The example script will show the process to refresh the QA volume with a new snapshot copy. The script is almost identical to the part 1 script. The first step is to load a few PowerShell modules, define some constants, and connect to VCenter and XtremIO. This is done by using the PowerCli and a function from my MTSXtremIO module, read about that here. This function uses the XtremIO REST API to create the snapshot. I also use a couple of other modules with some of my common functions and a NTFS Security Module which I did not write. I will put links to those at the end of the post.

The example above loads module dependencies and connects to VCenter and XtremIO. The SQL Management Objects are loaded to provide SQL Server functionality.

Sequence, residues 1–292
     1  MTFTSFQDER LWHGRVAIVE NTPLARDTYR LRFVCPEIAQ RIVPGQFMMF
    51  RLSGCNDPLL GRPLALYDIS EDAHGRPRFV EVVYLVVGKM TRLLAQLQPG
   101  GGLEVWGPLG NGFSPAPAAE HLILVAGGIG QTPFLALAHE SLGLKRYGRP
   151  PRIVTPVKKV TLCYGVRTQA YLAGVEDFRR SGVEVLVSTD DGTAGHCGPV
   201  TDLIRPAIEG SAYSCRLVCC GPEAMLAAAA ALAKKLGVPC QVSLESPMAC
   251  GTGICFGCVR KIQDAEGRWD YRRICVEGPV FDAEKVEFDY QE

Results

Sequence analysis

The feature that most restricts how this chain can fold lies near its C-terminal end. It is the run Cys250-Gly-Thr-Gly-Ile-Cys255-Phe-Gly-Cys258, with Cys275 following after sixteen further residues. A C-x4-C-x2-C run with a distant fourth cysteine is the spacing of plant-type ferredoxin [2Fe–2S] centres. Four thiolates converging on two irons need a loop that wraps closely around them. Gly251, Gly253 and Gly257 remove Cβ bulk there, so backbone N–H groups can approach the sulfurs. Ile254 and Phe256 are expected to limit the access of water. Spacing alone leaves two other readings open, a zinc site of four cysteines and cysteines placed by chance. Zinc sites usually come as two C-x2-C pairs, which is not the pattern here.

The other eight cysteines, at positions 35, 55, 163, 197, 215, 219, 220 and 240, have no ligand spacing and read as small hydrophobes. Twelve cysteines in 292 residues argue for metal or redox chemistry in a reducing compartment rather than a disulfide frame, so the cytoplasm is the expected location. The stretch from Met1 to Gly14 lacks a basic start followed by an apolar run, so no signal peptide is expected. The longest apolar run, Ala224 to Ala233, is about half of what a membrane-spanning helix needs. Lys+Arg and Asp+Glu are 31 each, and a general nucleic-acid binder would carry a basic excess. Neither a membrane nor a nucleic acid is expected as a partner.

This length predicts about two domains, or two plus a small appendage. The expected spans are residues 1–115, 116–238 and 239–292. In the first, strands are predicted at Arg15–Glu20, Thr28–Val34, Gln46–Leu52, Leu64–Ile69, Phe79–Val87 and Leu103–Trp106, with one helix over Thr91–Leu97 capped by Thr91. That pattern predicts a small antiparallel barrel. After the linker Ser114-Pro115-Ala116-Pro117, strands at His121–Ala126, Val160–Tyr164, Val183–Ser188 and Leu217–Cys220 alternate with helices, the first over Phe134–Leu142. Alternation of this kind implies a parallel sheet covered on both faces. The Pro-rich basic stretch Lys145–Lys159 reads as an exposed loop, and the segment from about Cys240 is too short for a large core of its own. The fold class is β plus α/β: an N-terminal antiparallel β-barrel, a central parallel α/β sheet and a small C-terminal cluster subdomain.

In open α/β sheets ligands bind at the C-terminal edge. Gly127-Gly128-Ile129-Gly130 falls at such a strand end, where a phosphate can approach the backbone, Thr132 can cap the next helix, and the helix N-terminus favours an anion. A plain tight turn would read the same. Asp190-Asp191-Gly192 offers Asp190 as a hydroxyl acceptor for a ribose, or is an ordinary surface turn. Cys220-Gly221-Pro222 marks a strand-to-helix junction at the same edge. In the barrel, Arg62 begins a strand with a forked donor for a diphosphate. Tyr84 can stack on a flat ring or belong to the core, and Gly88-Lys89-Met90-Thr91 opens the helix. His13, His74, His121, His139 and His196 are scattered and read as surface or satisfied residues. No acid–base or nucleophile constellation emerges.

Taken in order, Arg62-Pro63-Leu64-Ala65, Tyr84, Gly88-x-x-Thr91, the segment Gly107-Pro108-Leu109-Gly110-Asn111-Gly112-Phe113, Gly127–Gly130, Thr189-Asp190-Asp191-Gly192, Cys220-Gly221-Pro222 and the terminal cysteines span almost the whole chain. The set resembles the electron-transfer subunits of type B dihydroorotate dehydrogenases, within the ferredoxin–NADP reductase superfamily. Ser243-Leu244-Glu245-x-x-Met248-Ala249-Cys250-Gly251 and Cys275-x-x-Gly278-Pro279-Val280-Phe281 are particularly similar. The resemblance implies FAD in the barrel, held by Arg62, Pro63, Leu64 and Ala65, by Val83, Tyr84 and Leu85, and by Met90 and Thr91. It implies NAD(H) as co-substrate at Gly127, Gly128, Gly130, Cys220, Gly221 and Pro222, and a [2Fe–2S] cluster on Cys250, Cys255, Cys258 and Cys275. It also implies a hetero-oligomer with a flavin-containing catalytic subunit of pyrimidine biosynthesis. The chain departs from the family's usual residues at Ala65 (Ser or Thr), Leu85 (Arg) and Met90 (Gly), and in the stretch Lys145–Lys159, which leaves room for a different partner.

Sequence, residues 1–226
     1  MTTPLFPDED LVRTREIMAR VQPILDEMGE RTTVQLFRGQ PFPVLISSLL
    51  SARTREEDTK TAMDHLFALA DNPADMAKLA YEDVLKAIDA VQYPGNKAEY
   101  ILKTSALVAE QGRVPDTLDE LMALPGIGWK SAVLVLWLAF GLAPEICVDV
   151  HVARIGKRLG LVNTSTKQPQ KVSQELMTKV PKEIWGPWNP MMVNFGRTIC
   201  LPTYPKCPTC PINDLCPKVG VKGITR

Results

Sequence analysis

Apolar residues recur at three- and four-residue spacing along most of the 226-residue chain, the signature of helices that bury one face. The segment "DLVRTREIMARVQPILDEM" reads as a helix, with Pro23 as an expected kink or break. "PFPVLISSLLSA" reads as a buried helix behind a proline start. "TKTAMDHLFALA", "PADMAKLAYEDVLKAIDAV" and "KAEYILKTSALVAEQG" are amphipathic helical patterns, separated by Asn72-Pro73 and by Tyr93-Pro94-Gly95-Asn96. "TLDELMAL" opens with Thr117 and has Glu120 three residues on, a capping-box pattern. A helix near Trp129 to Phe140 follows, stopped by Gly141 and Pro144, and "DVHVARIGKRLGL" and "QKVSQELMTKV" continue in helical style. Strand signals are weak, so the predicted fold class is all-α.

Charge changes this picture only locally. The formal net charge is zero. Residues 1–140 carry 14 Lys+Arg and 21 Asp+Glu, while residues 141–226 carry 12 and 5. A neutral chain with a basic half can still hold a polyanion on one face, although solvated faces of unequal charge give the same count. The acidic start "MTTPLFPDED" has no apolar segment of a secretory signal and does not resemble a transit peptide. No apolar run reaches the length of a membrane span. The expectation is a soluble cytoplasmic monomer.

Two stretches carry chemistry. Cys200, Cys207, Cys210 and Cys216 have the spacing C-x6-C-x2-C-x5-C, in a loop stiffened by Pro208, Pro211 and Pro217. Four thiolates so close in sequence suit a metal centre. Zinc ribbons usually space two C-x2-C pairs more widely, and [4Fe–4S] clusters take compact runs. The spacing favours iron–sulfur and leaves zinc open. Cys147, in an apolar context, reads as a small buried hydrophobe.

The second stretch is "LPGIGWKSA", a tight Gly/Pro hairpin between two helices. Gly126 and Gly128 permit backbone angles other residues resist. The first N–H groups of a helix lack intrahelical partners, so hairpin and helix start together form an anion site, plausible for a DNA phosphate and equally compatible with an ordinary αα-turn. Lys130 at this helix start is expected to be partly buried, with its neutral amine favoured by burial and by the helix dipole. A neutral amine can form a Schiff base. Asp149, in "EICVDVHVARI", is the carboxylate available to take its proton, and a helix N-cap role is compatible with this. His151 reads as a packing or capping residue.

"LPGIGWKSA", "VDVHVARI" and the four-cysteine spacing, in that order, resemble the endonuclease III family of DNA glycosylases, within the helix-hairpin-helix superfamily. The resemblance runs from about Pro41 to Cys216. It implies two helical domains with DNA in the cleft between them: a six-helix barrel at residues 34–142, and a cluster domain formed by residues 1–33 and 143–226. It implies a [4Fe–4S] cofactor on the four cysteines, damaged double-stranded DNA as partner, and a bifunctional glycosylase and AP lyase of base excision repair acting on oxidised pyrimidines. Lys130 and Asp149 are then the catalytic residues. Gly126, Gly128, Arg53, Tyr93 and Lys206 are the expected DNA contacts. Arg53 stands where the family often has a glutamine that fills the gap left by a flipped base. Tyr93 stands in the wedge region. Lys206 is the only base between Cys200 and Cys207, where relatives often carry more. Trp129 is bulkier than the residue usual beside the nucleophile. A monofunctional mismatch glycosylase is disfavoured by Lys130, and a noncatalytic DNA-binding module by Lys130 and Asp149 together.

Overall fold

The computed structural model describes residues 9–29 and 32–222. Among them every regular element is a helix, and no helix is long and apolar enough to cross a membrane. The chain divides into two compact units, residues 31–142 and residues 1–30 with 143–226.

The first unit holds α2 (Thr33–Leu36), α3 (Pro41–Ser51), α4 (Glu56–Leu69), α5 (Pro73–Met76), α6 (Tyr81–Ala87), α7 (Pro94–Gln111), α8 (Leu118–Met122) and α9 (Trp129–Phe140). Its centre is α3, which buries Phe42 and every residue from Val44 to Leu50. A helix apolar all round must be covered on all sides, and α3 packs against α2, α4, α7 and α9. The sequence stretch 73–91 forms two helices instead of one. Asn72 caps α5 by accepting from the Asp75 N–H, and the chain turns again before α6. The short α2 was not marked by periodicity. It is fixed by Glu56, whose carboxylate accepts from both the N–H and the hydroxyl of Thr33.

The next step is to detach the current QA database copy, remove the virtual hard disk, and remove snapshots.

The example above uses SQL Management Objects to access SQL and detach the database. It the uses the VMware PowerCli to remove the RDM from the virtual machine. Then connects to the XtremIO via REST API and deletes snapshots

Now we are ready to create a new snapshot, add it to the lunmap, add the disk to the vm, and attach the database.

The above example creates a snapshot via the VSS provider and maps the volume to the host using the XtremIO REST API. It also rescans the disks and then adds the RDM to the virtual machine. Then the database is attached using SQL SMO.

Although I have not been able to test this code it as we need to upgrade XtremIO first. I had hoped the VSS provider would work with 3.0 but unfortunately I received the following message when I tried it.

“The registered provider does not support shadow copy of this volume”

Hopefully this example should be pretty close.